The primary objective of the study was to investigate the perceptions of Czech secondary and university students regarding independence in tasks involving multiple repetitions of random events and their understanding of conditional probability. The study employed a sample of 43 students, ranging in age from 15 to 23, who engaged in think-aloud interviews. The selection of eight tasks was based on existing literature.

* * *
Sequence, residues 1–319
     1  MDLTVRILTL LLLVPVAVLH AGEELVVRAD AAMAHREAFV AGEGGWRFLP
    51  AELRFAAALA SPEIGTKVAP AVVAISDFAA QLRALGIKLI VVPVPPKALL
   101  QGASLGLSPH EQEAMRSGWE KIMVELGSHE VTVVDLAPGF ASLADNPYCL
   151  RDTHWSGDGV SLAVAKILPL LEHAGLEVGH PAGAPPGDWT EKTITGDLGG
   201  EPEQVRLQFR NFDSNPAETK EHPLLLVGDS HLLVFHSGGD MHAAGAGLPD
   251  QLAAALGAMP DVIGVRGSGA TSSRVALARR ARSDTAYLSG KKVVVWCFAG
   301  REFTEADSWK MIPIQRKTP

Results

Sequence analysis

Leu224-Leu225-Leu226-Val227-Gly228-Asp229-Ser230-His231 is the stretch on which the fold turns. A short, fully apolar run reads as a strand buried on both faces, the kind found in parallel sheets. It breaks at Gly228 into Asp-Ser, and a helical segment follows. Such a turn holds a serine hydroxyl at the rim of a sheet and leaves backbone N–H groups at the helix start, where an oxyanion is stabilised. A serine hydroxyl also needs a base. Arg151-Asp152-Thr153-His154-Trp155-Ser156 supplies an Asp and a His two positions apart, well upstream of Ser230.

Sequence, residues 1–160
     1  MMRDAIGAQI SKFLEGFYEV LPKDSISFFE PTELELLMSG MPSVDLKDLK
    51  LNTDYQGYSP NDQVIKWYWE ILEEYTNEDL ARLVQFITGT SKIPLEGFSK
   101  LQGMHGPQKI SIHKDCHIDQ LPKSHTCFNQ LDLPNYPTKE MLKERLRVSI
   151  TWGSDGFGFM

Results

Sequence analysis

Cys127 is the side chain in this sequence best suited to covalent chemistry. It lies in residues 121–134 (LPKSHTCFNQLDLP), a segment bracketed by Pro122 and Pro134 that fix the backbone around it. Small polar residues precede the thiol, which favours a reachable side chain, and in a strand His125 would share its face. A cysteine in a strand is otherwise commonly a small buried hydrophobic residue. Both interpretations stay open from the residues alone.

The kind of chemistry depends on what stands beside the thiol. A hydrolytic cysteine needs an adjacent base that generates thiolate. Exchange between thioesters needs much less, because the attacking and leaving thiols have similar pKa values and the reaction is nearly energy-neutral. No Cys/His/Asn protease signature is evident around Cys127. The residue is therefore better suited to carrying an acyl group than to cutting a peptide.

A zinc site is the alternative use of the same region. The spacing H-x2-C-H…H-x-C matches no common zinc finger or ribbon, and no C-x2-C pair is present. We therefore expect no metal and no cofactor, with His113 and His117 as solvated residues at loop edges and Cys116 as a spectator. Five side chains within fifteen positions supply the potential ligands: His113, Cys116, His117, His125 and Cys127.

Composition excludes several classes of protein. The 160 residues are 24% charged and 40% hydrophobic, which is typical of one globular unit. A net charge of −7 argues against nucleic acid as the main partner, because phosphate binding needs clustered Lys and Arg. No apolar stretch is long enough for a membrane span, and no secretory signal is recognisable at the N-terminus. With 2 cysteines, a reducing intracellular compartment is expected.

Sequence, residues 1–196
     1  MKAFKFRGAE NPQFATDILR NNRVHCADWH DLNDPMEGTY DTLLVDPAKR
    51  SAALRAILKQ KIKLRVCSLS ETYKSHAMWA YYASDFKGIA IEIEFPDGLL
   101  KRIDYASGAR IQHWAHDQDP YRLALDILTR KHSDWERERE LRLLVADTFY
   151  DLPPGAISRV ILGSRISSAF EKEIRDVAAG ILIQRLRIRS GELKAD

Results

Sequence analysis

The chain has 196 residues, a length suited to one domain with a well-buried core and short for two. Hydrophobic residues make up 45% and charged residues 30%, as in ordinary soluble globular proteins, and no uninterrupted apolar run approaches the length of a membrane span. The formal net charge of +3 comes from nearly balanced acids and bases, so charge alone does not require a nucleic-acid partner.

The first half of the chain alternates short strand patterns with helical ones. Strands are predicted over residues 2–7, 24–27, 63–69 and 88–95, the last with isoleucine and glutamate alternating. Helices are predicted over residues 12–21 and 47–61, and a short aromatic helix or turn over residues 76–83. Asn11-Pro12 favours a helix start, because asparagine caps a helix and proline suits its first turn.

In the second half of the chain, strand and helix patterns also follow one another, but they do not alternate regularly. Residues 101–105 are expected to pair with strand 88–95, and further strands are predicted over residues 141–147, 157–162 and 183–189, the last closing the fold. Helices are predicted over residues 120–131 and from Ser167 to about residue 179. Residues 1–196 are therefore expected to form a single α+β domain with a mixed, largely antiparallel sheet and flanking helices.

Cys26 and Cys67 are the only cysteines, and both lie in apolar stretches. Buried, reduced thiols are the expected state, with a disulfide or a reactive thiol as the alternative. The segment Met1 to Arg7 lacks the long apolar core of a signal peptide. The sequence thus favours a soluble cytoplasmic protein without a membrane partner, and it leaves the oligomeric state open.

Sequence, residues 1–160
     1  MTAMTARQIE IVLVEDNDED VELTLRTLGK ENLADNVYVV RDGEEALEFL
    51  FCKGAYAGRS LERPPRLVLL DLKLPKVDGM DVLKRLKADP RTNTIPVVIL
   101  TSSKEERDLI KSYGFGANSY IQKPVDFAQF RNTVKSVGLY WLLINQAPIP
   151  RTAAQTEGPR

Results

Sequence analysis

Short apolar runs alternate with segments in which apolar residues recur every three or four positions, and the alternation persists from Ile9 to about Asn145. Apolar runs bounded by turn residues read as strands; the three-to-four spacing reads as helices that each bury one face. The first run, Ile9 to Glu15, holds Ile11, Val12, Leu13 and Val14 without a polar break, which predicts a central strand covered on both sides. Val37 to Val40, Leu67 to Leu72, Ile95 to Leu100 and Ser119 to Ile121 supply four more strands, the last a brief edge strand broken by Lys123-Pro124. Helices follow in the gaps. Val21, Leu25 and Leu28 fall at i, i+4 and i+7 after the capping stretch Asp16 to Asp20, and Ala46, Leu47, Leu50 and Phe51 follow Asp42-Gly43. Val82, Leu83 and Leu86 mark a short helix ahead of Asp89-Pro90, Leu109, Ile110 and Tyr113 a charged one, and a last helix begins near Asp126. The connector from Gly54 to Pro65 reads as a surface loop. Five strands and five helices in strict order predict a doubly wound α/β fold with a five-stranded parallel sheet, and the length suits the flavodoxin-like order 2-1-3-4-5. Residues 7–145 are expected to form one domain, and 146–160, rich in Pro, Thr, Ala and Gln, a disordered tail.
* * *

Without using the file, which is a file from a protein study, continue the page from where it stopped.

A qualitative analysis of the interview transcripts established that students encountered difficulties comprehending the concepts of independence and conditional probability, irrespective of whether they had previously undertaken a university course on probability. Notably, certain misconceptions about independence only surfaced in more challenging tasks, wherein students relied more on their intuition than their acquired knowledge. The misconceptions primarily manifested when describing the random space. The research findings have significant educational implications, which are discussed.
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